It's Human Nature!

by Dan Galemba | 11/5/99 6:00am

Okay, so I'm sitting here in a Freshmen Council meeting, having a blast and an excuse to procrastinate. But then I think, "Wait a second, this is Freshmen Council. Isn't that a little discriminatory against the other classes?"

Then I go to an Aires concert and have a blast and an excuse to procrastinate. But then I think, "Wait a second, isn't this discriminatory against both girls and people who can't sing?"

Then I go to a dance party at the Native American House on Halloween. As usual, I have a blast, but then I think, "Wait a second, this is the Native American House--I bet they don't ordinarily house people with different ethnic backgrounds."

Oh, and then I go to a Hillel meeting. Have a blast, etc, etcyou get the drill by now. And then I think to myself, "Wait a second, I bet there aren't many Catholics that join Hillel."

Let's see, there are other places I've seen around campus. Aquinas House. Cutter Shabazz. Lambda Upsilon Lambda. Before you throw down the paper, I do have a point. There are lots of different kinds of people at Dartmouth, and there are lots of activities or organizations they can join to be with people with the same backgrounds and interests. People are proud of what makes them unique, as they should be, and one of my favorite things about Dartmouth is the diversity and the exposure I've had to so much I've never seen before. Here we are, a collection of so many different people just plopped down in the middle of nowhere, all attending the same great place. Take a step back for a second and appreciate it.

No matter which way you slice it, the fact that we're all here together doesn't keep people from keeping in touch with what makes them unique. And no one thinks twice about it, about how each and every ethnic organization, varsity sport, performance group, you name it are by their very definition exclusive. It can and should be no other way. We take it as a fact of life that we can't just play for the football team, sing for the Aires, live at NAD, because it is a fact of life. It's human nature to associate based on similarities.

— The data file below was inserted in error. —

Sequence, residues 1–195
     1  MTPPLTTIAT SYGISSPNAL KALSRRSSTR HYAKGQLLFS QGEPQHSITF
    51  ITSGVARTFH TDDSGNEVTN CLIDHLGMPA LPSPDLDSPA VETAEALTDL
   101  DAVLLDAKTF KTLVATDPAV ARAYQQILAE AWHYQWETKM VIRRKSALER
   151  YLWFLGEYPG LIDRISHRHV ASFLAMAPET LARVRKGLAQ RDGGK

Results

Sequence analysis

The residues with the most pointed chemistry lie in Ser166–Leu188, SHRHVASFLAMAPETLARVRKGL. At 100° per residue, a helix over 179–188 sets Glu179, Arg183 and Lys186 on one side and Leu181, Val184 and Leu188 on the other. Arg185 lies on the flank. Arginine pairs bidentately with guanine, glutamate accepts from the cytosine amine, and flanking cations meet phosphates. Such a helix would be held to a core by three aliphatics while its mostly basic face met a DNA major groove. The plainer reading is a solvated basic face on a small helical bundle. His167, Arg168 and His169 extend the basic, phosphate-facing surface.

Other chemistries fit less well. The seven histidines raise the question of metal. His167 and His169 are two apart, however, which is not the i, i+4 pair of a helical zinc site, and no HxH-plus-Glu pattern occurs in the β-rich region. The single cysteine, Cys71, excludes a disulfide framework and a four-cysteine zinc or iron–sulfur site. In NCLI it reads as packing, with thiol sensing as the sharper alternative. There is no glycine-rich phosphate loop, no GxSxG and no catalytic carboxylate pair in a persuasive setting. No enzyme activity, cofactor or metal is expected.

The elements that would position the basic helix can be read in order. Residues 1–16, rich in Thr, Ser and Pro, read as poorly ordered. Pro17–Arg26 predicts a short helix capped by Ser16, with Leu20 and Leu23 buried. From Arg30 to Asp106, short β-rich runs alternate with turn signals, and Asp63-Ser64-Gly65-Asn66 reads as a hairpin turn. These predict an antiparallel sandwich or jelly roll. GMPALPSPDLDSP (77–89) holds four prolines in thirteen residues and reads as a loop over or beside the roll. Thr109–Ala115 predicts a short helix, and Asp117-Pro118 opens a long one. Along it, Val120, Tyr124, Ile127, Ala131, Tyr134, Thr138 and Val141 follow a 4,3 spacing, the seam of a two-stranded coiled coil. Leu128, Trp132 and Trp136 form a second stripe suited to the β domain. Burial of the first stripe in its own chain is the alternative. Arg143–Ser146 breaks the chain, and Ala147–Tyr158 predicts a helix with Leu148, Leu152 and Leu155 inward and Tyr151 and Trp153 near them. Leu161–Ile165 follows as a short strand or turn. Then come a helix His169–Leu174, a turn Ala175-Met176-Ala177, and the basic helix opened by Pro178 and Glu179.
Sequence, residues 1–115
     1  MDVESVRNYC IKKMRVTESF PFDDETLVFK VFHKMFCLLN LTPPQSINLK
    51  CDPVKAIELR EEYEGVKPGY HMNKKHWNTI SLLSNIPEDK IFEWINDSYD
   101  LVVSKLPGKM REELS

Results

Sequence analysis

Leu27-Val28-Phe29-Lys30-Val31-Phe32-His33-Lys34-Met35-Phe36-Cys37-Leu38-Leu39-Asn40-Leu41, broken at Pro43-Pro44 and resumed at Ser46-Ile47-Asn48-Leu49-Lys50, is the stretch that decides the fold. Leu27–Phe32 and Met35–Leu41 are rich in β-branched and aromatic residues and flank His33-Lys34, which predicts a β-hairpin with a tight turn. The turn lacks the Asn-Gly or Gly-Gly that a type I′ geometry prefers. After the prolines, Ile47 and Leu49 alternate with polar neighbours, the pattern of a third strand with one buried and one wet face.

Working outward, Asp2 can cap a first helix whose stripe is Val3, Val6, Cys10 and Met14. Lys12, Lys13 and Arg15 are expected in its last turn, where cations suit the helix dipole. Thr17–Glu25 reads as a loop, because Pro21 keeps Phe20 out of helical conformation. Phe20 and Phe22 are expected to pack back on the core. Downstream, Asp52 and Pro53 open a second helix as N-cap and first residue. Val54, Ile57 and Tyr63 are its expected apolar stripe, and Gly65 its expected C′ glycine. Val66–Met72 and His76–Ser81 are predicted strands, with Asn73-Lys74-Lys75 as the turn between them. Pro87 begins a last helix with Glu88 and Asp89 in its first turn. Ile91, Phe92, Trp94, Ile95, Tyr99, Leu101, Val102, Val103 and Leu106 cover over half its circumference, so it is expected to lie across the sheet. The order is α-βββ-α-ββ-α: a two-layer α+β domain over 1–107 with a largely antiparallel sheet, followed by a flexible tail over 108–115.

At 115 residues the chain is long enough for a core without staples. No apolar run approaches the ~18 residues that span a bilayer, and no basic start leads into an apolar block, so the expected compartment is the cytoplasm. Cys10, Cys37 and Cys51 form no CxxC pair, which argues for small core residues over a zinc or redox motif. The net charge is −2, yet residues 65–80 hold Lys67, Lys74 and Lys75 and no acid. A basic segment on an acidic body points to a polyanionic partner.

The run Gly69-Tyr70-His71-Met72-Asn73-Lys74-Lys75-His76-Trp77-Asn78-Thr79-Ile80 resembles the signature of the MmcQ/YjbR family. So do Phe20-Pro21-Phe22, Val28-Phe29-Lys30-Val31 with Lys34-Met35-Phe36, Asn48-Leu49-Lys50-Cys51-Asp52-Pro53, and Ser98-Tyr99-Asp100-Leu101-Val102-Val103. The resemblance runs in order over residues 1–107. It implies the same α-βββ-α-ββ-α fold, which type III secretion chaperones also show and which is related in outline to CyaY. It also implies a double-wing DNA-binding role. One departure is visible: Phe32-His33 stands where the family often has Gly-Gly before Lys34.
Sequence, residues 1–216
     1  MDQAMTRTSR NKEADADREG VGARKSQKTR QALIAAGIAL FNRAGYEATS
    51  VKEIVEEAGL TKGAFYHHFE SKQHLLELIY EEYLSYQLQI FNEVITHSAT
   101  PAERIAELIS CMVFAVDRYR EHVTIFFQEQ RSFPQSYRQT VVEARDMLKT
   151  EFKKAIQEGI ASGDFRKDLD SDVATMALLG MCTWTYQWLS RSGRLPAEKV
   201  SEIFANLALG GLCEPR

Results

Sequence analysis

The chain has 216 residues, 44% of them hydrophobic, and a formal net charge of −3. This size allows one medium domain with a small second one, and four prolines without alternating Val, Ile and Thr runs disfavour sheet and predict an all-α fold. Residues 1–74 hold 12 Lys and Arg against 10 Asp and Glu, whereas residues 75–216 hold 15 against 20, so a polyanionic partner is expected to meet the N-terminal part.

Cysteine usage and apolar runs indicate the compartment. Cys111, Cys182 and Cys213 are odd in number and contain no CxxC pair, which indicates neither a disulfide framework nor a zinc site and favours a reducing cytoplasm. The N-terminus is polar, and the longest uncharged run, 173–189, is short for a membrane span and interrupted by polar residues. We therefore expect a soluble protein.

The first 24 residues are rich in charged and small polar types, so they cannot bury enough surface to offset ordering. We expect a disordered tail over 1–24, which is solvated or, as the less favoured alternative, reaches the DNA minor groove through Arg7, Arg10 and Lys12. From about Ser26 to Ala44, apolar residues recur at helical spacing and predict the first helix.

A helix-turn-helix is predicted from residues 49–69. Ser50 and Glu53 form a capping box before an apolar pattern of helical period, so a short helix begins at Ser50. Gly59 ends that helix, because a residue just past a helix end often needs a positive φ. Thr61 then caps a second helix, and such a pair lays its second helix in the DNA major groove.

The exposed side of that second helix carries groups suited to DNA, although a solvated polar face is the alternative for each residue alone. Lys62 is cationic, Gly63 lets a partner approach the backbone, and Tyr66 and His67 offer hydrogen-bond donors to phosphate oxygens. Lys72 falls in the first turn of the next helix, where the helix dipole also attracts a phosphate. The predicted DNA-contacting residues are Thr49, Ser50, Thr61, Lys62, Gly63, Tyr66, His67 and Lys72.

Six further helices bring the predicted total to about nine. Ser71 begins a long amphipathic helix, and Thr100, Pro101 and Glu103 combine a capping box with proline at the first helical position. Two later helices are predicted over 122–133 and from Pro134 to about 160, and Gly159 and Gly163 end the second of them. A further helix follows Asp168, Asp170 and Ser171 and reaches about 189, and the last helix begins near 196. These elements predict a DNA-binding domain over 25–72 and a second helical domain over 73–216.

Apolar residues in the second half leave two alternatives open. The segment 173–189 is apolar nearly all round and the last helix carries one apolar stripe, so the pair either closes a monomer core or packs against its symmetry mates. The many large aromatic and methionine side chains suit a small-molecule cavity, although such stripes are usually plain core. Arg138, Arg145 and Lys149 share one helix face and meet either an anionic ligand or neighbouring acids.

Yet, if you look at number three of the five principles, you will see that "the system should be substantially coeducational and provide opportunities for greater interaction among all Dartmouth students." So we say goodbye to the frats because they're too exclusive. Does that mean we should say goodbye to every other group of any kind on campus and have everybody just thrown together in one big crazy Dartmouth stew?

So I'll see a group of Tri-Kap or Sigma Nu pledges (noticing some significant ethnic diversity among them), all bonding and having a great time, and think "if the frats are uniting people in a different kind of bond, but nevertheless a common one, how are they any different than any of those other groups?" Why should being co-ed matter in this case if ethnicity, religion, ability, or even being co-ed doesn't in almost every other group you see? Why should the frats be treated any differently for their exclusivity than any of the many exclusive entities on campus that everyone accepts? Especially when, in the realm of social life, they often open their doors to the campus at large, maintaining the bond of brotherhood among themselves to have a place to which they belong, just as everyone else has some place to which they belong based on unique characteristics.

And this becomes even more pertinent when you're not allowed to rush until sophomore year anyway. You take in the campus, then see what a frat could offer to add to the experience. You don't immediately limit yourself to the frat. On the other hand, I can think of so many people who joined other exclusive clubs their first year and spend most, or at least a significant chunk, of their time with those groups. No time to experience the campus as a whole, just instantly exclusive. And no one says a word because it's the just way things are.

So maybe I'm missing something here. But it seems to me that if people are allowed to associate exclusively based on any trait or ability you can think of, why should frats suddenly get punished for being exclusive? Exclusivity is a way of life. It's not a bad thing by any stretch of the imagination and it usually provides for the development for relationships beyond what can be provided when everyone's lumped together. And the frats provide a perfect example without even being the most exclusive organizations on campus. Get rid of the nature of humankind to associate based on similarities and common bonds, and then start thinking about getting rid of the frats.

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